Twilight view over Edinburgh as seen from Calton Hill
© Henk Meijer/Alamy Stock Phot
Burns Night. Celebrating the Bard of Ayrshire
Today we’re taking in sweeping views of the Scottish capital, celebrated as “Scotia’s darling seat” by the poet Robert Burns in his 1786 Address to Edinburgh. His birthday, on 25 January 1759, is marked each year with a traditional Burns Supper. While this year’s celebrations will be much smaller scale as lockdown continues, in homes across Scotland families will be observing Burns Night in their own way. Individual celebrations vary but there are some common themes to the evening’s entertainment, including reading the Address to a Haggis - the “great chieftain o’ the pudding race” - and a rendition of Auld Lang Syne.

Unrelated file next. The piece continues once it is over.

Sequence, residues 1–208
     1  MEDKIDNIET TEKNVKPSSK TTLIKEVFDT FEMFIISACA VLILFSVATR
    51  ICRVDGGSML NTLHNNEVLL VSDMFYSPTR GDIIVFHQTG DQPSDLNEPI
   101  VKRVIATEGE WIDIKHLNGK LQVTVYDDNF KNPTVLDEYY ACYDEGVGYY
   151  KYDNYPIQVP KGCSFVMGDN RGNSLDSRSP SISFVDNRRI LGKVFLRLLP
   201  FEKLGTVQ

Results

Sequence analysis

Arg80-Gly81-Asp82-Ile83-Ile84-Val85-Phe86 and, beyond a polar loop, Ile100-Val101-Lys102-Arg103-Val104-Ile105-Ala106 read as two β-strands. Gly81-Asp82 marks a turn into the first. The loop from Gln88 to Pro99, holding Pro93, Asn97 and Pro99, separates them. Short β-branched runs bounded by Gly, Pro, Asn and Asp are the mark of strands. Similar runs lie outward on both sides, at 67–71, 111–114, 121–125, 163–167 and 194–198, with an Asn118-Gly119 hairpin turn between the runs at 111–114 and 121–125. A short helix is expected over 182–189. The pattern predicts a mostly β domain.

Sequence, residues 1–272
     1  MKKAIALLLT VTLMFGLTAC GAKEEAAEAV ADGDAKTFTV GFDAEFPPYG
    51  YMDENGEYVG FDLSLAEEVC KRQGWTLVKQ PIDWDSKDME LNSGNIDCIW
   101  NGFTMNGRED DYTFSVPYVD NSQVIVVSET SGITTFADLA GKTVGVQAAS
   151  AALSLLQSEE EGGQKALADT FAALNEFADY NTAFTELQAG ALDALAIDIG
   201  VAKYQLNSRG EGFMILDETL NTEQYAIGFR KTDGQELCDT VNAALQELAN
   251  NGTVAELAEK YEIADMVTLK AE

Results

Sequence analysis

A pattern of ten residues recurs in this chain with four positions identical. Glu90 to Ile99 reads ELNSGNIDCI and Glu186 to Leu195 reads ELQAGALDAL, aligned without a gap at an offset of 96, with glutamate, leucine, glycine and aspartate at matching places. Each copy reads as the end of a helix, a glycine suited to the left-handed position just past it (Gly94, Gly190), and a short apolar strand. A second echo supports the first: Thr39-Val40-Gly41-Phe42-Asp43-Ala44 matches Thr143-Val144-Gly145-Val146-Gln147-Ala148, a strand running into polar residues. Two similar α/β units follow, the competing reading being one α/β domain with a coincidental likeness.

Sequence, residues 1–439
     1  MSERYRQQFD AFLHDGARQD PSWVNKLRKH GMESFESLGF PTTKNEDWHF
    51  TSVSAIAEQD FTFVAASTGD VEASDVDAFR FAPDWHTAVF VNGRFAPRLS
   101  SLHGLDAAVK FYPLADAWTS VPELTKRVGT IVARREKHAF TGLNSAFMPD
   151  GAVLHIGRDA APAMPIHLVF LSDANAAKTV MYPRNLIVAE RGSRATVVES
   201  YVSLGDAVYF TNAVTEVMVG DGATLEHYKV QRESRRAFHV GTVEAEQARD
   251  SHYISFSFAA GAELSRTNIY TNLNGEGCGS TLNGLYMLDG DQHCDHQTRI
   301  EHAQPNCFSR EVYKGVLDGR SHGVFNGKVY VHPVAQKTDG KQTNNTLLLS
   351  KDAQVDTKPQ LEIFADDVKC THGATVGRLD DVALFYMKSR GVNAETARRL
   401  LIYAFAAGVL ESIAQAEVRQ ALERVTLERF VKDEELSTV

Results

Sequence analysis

Burns was born in the village of Alloway in South Ayrshire but first visited Edinburgh in 1786, hot on the heels of the publication of his volume of works: Poems, Chiefly in the Scottish Dialect. It went down a storm with the Edinburgh elite who welcomed him as a man of letters. The foundation stone of the Burns Monument at the foot of Calton Hill was laid in 1831 - one of many historic monuments on the famous hill. From the top you get fabulous views of some of the city’s most striking landmarks, including those in our photograph - Edinburgh Castle, the Scott Monument and the tower of the Balmoral Hotel.